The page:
I've not yet made it past the first page either, and knew I wouldn't for some days owing to the rude intrusion of real life into my blogospheric activities in the form of multiple copy deadlines.

The thing is, though, the very first sentence contains a howler. Rowan Williams may have made a complete dog's breakfast of his late intervention in the sharia debate, but he has not actually called for the inclusion of elements of sharia into statutory family law. Here Habermas is over-interpreting the archbishop's words.

To be fair on Norman Geras, he has not read Habermas' article, only an English-language précis. The points Norm has for some time been making about religion in modern society have some validity, in my opinion, and they are at least constructive and thoughtful. But I do think he is rather too accommodating of Habermas in this latest blog post. Somehow I don't think he would feel the same if he could read the original German text.

The term "Postsäkularen Gesellschaft" is almost Buntingesque in its ridiculousness. I see a deathbed conversion to Holy Mother Church.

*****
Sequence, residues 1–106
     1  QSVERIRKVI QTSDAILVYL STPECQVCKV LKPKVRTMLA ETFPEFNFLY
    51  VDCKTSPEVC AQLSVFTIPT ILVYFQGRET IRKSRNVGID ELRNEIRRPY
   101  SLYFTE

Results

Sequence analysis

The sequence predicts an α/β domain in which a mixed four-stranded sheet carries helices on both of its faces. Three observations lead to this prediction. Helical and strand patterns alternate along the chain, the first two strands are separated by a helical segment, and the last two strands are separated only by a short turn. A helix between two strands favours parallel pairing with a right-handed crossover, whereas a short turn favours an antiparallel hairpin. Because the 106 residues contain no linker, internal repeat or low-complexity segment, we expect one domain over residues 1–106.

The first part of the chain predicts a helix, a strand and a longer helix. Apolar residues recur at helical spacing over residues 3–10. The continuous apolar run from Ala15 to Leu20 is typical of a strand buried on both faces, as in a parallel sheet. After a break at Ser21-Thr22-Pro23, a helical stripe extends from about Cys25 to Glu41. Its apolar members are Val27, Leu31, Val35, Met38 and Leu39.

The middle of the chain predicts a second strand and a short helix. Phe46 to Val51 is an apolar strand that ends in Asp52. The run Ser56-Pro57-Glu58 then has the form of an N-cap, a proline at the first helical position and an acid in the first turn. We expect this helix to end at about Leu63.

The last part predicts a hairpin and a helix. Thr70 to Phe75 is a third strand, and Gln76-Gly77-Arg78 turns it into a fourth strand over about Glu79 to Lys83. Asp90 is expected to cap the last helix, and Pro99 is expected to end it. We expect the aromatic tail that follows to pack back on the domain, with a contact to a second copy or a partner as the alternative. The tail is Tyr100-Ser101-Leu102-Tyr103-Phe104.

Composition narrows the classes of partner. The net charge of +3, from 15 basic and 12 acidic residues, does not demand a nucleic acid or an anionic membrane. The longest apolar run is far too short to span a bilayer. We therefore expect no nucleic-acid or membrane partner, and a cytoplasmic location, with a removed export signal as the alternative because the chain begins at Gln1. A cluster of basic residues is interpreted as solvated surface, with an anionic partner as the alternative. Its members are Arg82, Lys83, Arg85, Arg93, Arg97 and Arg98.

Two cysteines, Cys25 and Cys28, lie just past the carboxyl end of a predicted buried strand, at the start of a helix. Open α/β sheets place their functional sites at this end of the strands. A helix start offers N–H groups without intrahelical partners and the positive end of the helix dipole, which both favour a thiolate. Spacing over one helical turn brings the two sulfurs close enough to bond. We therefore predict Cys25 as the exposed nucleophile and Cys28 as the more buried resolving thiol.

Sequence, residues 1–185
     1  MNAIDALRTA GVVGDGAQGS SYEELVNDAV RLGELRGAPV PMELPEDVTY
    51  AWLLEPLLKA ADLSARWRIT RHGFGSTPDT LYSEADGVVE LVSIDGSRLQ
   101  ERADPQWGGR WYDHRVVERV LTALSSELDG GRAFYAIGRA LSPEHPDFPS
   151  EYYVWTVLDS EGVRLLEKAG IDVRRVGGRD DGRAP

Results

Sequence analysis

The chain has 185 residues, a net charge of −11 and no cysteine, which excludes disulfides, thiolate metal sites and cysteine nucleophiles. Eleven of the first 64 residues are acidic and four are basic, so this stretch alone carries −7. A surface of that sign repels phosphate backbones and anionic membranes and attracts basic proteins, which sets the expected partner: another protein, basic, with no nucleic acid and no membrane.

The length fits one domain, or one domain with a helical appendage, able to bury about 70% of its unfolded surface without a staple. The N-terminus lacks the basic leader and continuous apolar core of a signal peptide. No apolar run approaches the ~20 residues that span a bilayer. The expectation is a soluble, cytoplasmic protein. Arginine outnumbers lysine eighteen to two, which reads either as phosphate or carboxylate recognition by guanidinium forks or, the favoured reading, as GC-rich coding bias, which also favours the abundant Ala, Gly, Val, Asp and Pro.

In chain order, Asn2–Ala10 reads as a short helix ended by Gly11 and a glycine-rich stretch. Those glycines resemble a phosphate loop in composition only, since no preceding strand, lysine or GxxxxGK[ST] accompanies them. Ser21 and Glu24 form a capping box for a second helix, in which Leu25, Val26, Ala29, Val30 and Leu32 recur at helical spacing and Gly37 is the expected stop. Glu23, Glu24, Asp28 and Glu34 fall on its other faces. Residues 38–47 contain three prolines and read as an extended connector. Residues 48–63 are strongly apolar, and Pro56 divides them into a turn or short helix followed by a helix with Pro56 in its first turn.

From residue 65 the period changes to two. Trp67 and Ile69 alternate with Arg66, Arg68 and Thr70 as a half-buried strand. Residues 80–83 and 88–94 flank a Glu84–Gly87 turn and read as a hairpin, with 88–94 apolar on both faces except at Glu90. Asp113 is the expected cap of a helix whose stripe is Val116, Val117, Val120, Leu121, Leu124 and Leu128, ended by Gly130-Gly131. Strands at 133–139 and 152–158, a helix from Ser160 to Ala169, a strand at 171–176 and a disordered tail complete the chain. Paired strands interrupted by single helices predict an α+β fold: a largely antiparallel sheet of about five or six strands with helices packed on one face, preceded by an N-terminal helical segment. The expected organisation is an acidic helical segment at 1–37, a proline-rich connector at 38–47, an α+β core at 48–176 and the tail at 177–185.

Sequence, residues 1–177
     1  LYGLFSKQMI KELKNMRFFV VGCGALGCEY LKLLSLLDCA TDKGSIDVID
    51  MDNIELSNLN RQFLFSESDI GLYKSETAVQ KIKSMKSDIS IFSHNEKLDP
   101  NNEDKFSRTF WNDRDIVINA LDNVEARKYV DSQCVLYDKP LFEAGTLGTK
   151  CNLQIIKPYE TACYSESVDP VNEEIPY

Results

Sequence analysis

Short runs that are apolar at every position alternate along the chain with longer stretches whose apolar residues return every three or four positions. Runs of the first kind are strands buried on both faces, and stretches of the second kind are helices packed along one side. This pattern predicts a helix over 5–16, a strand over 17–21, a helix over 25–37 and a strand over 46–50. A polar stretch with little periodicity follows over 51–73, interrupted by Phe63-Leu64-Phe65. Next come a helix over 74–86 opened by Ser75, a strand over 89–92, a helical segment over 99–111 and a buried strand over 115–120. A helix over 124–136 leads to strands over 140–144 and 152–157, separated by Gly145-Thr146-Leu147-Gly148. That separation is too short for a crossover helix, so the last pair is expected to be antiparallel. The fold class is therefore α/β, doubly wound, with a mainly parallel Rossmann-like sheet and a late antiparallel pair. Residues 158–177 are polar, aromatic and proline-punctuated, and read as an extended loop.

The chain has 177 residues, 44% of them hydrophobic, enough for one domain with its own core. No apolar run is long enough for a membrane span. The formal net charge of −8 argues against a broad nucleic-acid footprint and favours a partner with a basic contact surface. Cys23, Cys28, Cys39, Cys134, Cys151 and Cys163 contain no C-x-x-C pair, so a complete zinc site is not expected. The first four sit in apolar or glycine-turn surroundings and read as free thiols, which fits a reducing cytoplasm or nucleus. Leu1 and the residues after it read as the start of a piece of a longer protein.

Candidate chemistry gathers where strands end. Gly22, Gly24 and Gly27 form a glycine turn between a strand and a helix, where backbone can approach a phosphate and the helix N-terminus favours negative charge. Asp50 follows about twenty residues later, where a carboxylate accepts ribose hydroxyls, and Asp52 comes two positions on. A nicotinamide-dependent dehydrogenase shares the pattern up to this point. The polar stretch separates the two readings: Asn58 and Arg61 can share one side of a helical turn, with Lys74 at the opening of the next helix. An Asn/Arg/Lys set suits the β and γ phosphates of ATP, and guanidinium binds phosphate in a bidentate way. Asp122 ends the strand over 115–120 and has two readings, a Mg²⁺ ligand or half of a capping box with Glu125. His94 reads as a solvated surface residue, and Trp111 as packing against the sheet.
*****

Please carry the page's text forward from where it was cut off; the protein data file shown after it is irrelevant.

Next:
Maybe I shall come back to this when I have time to spare for such philosophical fripperies.

Kris McCracken said...

As someone who chose (!) Habermas as the focus for my Honours thesis a few years ago, and ended up knee deep in The Theory of Communicative Action with no life jacket, I can truly empathise with the prospect of reading him after a long day at work. I can’t say that I’ve picked anything of his (beyond a few op-eds) up since. It is interesting that hear that he’s drifted towards the spiritual though, as Horkheimer definitely drifted down that path late on. Perhaps Jürgen is hedging his bets as time is close to being called?

The Wife said...

Francis, Kris,

Thanks for your comments! Fascinating to see that both of you made the deathbed-conversion point, which of course also crossed my mind (inevitable, probably).

I hope that I didn't come across as antagonising: I was aware that Norm hadn't read the original text. Neither did I, of course, but then I'm prejudiced to the bone and prone to making unfounded statements :-). See my failure to double check what the Archbish _actually_ said, or might have said (by that time it was getting rather late for me). A howler, indeed. And to be found in this eminent German vehicle of left-liberal thought, "Blätter für deutsche und internationale Politik"!

Unlike Norm, however, I'm a bit more doubtful that Habermas is making "necessary points" in this article. How can anything taking place in the virtual reality of Habermas's social utopia be "necessary"?

All best,
Anja